Modern office features include a variety of tools and technologies. Desk booking software is a critical tool for creating a more efficient and effective office, and every office should have a desk booking guide to help.
To pivot to flexible and hybrid work, companies need systems in place to accommodate the real-time needs of workers. Many different organizations can benefit from desk booking. But only when the proper software is used to make this process simple, trackable, and user-friendly.
Facility managers (FMs) therefore need to implement a desk booking system that can be tailored to their needs. This will help employees do their best work in a collaborative workspace.
In this article, we will explore desk booking software for the modern office, what you need to include in a desk booking guide, and the features that any new system will need in order to be most beneficial.
Desk booking software is the system that makes hybrid work and advanced desk management possible.
Workspace booking is a flexible way of using the office that is growing in popularity because of the functionality and benefits it brings to both employees and employers. Instead of assigned seating, employees share desks and other workspaces.
Desk booking is typically managed using booking software in one of two ways. Whether used in combination or alone, these options manage the allocation of available desks among co-workers.
Companies can use a hot desking system, in which employees check-into any available desk on a first-come-first-serve basis. Alternatively, FMs can implement desk or office hoteling, in which employees use software to book spaces in advance.
Desk booking software is the crucial suite of integrated ‘software as a service’ (SaaS) that powers and simplifies these styles of office sharing.
Whatever hybrid workplace model a company uses, they will need a desk reservation system to implement it properly. Ideally this software will be cloud-based and available through both mobile and desktop apps.
“How do I book a desk?”
“How do I make a reservation?”
“Why can’t I get access to the desk I need?”
It’s impossible for a company to derive benefits from desk booking when frustrated employees spend too much time asking questions like these, instead of focusing on their real work.
However, when employees have access to good desk booking resources like a good desk booking guide, it can lead to a host of benefits like greater productivity and improved employee experience.
Desk booking offers many benefits to an organization, including real estate cost savings and more engaged workers, and it also nicely complements a flexible, cooperative company culture.
And by offering employees much desired flexibility and autonomy, it can help companies survive the looming post-pandemic ‘turnover tsunami’ by making it easier to attract and keep top talent.
But while there’s no doubt desk booking offers many clear benefits, especially when hoteling best practices are followed, these benefits can only be realized by using a robust desk booking system. Too-simple sign-in sheets or overly complex, unwieldy software systems can ultimately do more harm than good.
Great desk booking software, on the other hand, does more than simply make desk booking simple and pain free. It also offers the following benefits:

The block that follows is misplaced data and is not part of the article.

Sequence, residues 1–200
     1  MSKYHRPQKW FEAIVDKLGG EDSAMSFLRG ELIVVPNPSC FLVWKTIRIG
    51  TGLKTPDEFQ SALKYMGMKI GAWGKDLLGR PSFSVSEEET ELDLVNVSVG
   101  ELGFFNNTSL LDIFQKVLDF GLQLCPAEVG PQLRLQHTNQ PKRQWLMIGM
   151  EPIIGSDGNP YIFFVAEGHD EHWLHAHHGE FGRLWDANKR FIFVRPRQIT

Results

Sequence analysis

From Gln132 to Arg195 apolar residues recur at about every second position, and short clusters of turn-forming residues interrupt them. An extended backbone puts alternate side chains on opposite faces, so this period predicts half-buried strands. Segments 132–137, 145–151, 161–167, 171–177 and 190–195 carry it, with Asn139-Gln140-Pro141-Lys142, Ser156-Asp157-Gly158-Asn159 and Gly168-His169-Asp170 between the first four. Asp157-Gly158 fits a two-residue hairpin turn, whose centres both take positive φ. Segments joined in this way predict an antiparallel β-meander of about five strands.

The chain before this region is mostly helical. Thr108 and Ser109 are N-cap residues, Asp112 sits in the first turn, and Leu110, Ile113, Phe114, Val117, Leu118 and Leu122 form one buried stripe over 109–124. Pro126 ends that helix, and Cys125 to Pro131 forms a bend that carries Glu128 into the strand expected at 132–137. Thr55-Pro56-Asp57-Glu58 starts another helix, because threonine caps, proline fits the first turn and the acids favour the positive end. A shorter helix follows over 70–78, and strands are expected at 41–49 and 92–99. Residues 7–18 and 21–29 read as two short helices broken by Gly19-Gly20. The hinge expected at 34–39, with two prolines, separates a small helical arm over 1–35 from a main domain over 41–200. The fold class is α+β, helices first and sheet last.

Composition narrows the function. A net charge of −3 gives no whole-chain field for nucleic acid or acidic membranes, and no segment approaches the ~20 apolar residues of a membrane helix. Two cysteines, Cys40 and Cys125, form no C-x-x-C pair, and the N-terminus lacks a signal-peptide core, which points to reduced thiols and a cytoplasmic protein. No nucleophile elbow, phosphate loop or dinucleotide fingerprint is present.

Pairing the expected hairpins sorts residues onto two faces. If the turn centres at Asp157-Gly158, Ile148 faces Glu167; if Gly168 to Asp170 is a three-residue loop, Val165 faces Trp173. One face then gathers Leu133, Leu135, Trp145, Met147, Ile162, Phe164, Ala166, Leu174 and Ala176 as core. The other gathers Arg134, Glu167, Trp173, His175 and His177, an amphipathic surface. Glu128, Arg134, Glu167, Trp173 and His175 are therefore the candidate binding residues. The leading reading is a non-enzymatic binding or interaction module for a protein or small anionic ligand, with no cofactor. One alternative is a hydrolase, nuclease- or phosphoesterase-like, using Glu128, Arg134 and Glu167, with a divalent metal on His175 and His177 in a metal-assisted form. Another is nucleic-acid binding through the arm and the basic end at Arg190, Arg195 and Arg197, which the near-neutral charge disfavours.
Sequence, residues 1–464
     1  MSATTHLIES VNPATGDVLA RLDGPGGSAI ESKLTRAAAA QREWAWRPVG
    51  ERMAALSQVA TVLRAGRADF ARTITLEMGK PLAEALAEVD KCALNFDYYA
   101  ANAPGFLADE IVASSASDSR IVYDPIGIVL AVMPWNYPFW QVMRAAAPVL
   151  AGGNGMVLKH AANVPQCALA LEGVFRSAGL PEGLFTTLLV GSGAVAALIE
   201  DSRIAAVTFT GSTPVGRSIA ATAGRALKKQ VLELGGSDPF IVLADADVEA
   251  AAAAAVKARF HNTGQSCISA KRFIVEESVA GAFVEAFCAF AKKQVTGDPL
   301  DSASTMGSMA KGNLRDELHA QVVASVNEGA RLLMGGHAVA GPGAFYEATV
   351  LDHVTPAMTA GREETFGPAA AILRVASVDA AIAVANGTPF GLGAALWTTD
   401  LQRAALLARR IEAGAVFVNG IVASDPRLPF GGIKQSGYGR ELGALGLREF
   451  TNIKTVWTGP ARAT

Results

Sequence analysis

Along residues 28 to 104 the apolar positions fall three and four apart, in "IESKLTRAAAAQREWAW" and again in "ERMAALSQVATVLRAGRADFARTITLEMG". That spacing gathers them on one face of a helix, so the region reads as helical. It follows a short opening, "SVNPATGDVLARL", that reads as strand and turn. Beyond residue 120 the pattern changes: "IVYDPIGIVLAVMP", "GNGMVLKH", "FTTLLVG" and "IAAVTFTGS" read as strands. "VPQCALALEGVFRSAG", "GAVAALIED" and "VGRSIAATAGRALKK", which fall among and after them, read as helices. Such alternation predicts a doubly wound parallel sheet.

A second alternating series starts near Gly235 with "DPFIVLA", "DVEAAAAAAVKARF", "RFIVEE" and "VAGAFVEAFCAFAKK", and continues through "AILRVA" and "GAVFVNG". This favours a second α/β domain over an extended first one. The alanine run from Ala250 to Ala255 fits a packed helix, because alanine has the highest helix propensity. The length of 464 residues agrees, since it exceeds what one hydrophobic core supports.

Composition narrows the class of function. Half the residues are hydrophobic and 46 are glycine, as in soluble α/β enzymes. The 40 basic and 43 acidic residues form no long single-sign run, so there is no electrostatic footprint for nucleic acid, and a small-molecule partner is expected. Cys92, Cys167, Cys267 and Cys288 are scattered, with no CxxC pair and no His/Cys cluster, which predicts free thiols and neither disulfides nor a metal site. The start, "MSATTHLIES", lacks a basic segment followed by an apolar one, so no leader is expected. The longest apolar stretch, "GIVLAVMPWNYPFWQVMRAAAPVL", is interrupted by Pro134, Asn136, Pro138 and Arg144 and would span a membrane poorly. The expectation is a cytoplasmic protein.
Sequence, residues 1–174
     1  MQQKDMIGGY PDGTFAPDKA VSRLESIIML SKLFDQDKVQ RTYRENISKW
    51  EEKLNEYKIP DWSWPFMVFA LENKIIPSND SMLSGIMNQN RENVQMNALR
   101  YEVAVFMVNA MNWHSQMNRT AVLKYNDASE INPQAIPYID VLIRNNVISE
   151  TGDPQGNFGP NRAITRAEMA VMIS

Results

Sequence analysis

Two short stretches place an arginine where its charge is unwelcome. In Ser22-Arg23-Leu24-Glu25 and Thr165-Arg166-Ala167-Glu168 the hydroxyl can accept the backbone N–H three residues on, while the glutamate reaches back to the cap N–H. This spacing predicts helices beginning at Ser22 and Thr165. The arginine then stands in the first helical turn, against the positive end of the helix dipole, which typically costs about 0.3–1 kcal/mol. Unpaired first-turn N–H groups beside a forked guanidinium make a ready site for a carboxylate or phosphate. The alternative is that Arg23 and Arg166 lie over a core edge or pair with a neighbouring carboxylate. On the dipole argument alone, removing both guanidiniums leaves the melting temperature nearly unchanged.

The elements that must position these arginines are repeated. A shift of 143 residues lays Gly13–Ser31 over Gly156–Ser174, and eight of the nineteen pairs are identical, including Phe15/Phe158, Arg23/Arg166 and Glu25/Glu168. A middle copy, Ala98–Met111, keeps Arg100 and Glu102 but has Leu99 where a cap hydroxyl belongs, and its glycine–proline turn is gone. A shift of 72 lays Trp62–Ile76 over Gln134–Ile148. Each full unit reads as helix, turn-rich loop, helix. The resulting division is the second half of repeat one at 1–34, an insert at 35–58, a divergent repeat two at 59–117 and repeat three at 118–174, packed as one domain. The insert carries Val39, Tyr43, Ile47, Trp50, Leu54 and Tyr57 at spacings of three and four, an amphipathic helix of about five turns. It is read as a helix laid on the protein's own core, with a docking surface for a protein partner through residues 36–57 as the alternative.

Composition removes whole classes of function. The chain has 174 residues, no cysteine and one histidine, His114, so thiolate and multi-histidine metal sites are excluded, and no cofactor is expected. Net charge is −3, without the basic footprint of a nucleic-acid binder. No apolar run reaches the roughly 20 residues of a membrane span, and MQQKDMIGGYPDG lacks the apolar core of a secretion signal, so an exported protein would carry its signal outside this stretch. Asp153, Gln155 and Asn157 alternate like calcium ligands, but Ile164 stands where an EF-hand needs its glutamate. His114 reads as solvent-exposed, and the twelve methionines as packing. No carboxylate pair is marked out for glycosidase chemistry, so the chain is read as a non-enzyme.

The right software can make it easy for employees to find, book, and check-into desk space in real time. When a desk booking system is user-friendly and intuitive, it makes life easier for everyone in an organization. This includes both employees and space management teams. And by allowing for self-service desk booking, this type of software frees up employees to focus their time and energy on what really matters.
As we now know, our ‘new normal’ will be quite different from our old normal. We can likely expect some form of social distancing to be required in the office well into the foreseeable future. This presents challenges for any flexible workspace, especially those using hybrid models and/or activity-based workspace design.
Going forward, a powerful desk booking system makes it much easier to keep employees and visitors safe. For example, since social distancing became necessary, Randy Peterson, Senior Director of Real Estate and Facilities at AllianceRx, has leaned into desk booking in his office.
“It’s so easy to designate active and inactive desks to implement social distancing [with OfficeSpace Desk Booking],” says Randy. “And being able to see our occupancy rates with our revised, distanced floor plans has been very useful for us.”
Good desk booking software won’t just make it easier for employees to book desks. It will also make it easier for FMs to understand how employees are using desks.
When FMs are able to track seating trends, measure adoption rates and space utilization, learn employee seating preferences, and more, they’re better able to forecast future demand and continually optimize their seating strategy.
As the pandemic has taught everyone, workspaces need to be easily adaptable.
Yes, a literal overnight, universal switch to entirely remote working is hopefully a once-in-a-lifetime experience.
But the reality is that whether it’s due to a rapidly growing workforce, a rapidly shrinking budget, buyouts, layoffs, or any number of changes good or bad, all organizations are continually in flux. By creating an infinitely flexible office, desk booking software can therefore future-proof an organization.
Good management software can help an organization quickly adapt ‘on the ground’ to whatever life throws their way. It should also be constantly innovating and adding new features.